The invention of nuclear fission was probably a key one. It wasn’t intended for that. Obviously it was intended to make bombs initially, and then was intended to make electricity. And was always seen as being environmentally terrible. It turns out that’s not the case and that will, and I’m sure we can talk about this, require an ideological mind shift amongst environmentalists more than anyone.

But we have made great strides with renewables. Bringing down the cost of solar panels means that solar is now probably the cheapest technology in most developing countries, which means you can get quite rapidly to zero carbon electricity in many places that don’t even have access to modern energy at the moment, which is great.

We’ve got lithium ion batteries which allow the electrification of a lot of transport. I’ve got an electric car. That wouldn’t have been possible even two or three years ago to get the mileage that it’s now delivering. And so you can sort of see the contours of a post-carbon landscape, which wasn’t the case when I started out. You had to just believe and hope that things would be invented, which now look like they can be part of the solution.

Worst case scenarios

I remember when some spokespeople were in the media saying, “Billions are going to die in the next 10 years.” And I think it was Andrew Neil actually might be, who in the interview said, “Well, how? What’s going to happen that’ll kill all these people?” And they weren’t able to answer.

So it’s one thing to have an apocalyptic fear and another to actually try and think through what the mechanisms are which would actually kill people if that’s what you’re concerned about. What kills people? Thirst kills people. War kills people. Anger kills people. People die because of lack of shelter.

So it’s different degrees of civilisational collapse. I mean, conflict/war is a civilisational collapse in a way, particularly if it’s essentially worldwide. So to me, I think the most concerning scenario is one where you can’t produce enough food to sustain the world’s population, which is a lot higher. We learned that by 2050, the latest UN figures are 9.7 billion by 2050. But you have to have pretty much doubled the world’s food supply at the same time, as you’ve got less and less of the world’s land being able to produce because of the combined impacts of heat and drought. And obviously, plants can’t grow without water. Lots of plants can’t grow if it’s too hot.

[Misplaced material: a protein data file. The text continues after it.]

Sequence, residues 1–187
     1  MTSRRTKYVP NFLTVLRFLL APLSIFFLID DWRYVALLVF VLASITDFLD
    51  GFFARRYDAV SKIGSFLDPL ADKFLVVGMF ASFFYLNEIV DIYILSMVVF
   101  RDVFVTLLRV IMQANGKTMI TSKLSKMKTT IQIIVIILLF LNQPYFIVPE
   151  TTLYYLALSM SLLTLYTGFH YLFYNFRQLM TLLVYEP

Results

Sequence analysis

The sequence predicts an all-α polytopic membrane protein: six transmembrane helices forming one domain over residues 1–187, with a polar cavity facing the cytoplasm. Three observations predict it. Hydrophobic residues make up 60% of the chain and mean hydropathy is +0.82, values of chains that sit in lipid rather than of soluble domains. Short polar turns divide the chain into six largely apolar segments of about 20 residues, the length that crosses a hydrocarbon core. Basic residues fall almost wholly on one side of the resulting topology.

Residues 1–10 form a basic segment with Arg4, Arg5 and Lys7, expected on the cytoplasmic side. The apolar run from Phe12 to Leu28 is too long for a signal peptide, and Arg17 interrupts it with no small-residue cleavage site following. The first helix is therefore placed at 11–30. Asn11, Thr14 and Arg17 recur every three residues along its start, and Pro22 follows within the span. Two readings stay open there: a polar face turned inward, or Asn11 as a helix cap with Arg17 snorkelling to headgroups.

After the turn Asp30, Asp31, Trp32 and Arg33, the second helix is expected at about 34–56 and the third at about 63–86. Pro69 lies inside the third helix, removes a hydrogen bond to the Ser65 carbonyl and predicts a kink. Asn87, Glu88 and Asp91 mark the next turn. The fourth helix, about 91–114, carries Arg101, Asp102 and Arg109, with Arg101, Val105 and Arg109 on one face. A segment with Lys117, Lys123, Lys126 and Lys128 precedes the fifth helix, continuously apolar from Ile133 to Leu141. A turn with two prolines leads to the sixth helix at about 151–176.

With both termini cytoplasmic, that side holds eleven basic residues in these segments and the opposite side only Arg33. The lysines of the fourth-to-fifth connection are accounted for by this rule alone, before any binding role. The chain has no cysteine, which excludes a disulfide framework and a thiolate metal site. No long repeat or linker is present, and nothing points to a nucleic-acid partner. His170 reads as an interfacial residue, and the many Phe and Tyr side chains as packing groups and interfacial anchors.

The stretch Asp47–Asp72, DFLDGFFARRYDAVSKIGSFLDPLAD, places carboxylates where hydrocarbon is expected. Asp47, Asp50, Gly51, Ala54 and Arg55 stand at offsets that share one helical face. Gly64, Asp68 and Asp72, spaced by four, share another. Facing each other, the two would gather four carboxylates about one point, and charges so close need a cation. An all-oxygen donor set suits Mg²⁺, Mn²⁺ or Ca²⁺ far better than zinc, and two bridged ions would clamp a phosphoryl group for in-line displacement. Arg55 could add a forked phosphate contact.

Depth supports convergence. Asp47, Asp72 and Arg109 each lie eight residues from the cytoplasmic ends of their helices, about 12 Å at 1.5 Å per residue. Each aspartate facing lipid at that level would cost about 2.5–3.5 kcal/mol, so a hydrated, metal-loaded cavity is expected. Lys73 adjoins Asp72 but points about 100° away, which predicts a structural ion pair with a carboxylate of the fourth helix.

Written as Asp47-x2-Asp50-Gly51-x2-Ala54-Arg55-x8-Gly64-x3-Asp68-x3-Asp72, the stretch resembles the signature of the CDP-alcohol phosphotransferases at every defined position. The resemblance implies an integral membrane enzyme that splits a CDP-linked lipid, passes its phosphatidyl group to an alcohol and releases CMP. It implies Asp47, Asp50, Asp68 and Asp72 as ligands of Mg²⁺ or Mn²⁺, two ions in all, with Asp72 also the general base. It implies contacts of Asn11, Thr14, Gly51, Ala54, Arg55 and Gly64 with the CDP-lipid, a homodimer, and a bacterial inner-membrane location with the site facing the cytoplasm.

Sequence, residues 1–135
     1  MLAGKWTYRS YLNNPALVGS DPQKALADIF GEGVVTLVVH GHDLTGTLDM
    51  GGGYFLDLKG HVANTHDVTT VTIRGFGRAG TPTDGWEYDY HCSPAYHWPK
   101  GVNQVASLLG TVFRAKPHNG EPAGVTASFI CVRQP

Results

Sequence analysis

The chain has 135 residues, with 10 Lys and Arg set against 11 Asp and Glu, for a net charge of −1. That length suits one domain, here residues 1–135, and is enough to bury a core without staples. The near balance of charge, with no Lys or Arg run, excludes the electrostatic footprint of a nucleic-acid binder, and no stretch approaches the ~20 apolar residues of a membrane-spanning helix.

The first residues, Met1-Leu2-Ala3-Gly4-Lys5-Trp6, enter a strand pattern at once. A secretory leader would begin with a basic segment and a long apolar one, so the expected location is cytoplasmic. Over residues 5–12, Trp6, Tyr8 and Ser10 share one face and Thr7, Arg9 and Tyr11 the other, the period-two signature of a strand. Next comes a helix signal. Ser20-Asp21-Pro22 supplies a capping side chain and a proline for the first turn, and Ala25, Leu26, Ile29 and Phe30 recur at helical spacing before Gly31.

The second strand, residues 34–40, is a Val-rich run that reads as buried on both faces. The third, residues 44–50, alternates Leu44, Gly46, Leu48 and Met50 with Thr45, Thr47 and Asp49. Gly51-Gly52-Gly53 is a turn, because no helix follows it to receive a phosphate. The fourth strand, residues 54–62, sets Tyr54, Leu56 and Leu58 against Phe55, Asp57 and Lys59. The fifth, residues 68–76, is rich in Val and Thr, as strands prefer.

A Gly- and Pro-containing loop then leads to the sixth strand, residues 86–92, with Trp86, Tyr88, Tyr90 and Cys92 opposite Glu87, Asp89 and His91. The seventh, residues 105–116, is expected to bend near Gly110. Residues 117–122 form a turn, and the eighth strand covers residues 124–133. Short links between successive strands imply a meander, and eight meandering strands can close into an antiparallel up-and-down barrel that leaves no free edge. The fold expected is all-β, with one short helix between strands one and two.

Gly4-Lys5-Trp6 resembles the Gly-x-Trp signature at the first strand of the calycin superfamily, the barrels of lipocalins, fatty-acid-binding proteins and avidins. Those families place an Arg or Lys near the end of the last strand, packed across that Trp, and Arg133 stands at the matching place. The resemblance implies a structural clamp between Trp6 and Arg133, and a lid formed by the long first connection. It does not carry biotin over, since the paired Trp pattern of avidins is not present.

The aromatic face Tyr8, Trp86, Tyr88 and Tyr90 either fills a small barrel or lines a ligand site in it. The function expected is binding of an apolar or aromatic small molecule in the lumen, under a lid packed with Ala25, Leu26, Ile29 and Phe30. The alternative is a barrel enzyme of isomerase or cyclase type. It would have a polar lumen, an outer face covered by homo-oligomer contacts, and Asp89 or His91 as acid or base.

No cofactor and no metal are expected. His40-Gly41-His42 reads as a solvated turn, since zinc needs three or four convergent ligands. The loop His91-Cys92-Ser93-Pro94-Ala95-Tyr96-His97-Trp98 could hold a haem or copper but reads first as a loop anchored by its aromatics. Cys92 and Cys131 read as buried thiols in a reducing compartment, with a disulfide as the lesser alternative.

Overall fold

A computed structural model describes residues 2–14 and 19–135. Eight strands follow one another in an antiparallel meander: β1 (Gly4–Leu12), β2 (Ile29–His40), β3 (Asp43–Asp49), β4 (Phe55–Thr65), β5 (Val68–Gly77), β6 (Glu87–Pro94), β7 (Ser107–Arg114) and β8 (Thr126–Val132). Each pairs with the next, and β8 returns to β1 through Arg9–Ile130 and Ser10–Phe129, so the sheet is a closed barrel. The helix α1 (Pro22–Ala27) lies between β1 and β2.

Arguments against nuclear energy

The only argument against is a political one, that people won’t accept it, or people won’t want it, so nothing to do with engineering. I don’t think there are any engineering or physics challenges that can’t be fairly easily addressed, and that includes the cost. Yeah, nuclear is very expensive at the moment, but that’s because it’s trying to satisfy safety concerns, which are taken vastly more seriously than any other type of infrastructure projects, and therefore require multiple redundant safety approaches, which cost a huge amount. You’ve got to build, I think, the EPR reactor at Hinkley… They talk about it’s like building a cathedral inside a cathedral. That’s the kind of engineering which we’re left with to try to reassure the public that this isn’t an existential threat. What’s that? That’s not engineering. It’s a psychological challenge. It’s a political challenge. The only way that I think it’s wrong is if people won’t accept it, and we waste time trying to do it instead of simply paving over whole countries with solar panels, if that’s the only way that’s mostly acceptable.